John de Bassingbourne 13C

During the reign of King John the Manor of Bassingbourne in Takeley, Essex, was held by a John de Bassingbourne in the right of his wife Albreda. The family of Bassingbourne appear to have come over to England with the army of William the Conqueror, & fought at Hastings in 1066.

The village of Bassingbourne in Cambridgeshire seems to have been taken by the family as their surname. They were to reach positions of some power & influence. We think that John de Bassingbourne was the son of Warin de Bassingbourne the steward of Richmond, & Sheriff of Cambridgeshire.

What is certain is that the Bassingbourne who held the Takeley manor was a close associate & confident of King John. He had accompanied the young Prince John on his unsuccessful journey to Ireland & his name appears frequently on royal documents showing that he was often at the royal court. He is listed by Sir William Dugdale as one of King John’s “Evil Counsellors”.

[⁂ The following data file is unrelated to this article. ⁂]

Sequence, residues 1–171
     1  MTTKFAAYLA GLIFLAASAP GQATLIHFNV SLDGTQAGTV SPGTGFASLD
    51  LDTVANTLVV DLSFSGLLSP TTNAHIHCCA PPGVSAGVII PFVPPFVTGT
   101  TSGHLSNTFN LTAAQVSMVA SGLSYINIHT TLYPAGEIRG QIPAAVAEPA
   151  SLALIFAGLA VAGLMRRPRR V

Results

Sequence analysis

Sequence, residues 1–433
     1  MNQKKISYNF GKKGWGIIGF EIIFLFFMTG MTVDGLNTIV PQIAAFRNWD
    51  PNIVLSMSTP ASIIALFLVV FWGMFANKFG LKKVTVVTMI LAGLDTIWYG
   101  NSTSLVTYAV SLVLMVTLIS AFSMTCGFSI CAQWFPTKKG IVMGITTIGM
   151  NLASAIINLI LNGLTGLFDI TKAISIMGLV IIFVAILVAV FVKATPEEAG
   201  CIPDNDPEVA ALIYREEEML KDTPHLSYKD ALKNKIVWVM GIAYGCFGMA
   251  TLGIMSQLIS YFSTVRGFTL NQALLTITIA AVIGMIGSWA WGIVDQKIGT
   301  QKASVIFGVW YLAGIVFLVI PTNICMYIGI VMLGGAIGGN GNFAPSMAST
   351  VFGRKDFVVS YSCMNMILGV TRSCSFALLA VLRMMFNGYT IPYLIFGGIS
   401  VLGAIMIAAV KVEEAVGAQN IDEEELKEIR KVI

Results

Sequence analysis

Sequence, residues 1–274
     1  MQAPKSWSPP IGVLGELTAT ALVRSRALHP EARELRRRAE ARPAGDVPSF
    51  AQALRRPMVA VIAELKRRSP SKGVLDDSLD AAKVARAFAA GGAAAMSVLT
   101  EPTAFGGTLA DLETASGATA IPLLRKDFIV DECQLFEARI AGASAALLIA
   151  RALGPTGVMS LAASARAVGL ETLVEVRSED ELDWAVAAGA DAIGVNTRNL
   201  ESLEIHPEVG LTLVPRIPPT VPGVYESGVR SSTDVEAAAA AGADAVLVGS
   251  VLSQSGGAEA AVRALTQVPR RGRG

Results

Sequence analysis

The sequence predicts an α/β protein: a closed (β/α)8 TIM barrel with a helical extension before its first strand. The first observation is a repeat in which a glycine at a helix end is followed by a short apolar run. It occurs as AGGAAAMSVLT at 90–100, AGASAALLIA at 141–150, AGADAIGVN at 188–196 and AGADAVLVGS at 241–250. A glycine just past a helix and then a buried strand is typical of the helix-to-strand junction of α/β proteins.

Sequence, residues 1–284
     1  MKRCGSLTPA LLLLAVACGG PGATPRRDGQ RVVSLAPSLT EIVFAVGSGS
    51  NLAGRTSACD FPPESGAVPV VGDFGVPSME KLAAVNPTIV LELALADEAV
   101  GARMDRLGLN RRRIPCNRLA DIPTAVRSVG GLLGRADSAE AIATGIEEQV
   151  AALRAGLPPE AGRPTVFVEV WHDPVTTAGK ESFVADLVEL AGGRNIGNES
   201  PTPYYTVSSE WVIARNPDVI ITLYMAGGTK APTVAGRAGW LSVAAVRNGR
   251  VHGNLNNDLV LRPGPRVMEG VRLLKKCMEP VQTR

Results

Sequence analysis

From 1207 to 1212 Bassingbourne held the castle of Corfe for the King. He then held Hertford & Tickhill in Yorkshire. The later was an important castle in a strategic position. Hertford was also important as he replaced John Fitz Hugh, one of the rebellious barons of the period.

King John gave Bassingbourne many lucrative grants of marriage rights & custody. He held lands in Lincolnshire, Cumberland, & West Thurrock, Kelshall, Rettendon, Sandon & Terefiled in Hertfordshire & Essex. He also accompanied John on his expeditions to the Angevin dominions in France & was associated with the King’s half brother in preparations for an expedition to Poitou.

We do not now know the circumstances that led to Bassingbourne disserting the King & joining the rebels, although proximity with the prominent Baron Robert Fit Walter may have influenced him.
The result of the desertion was that many of his holdings were lost to Ralph of Rayleigh & he does not again appear on central government documents as a witness. We are uncertain of the date of his death. He was certainly dead by 1239 when his widow Albreda & their two sons Alexnder and Stephen de Bassingbourne are mentioned in documents.

The family continued to hold Bassingbourne manor for another hundred years or more, & their descendants appear in other Essex sources. They do not seem to have survived into the early Tudor period, but their name has survived in association with the Takeley manor.

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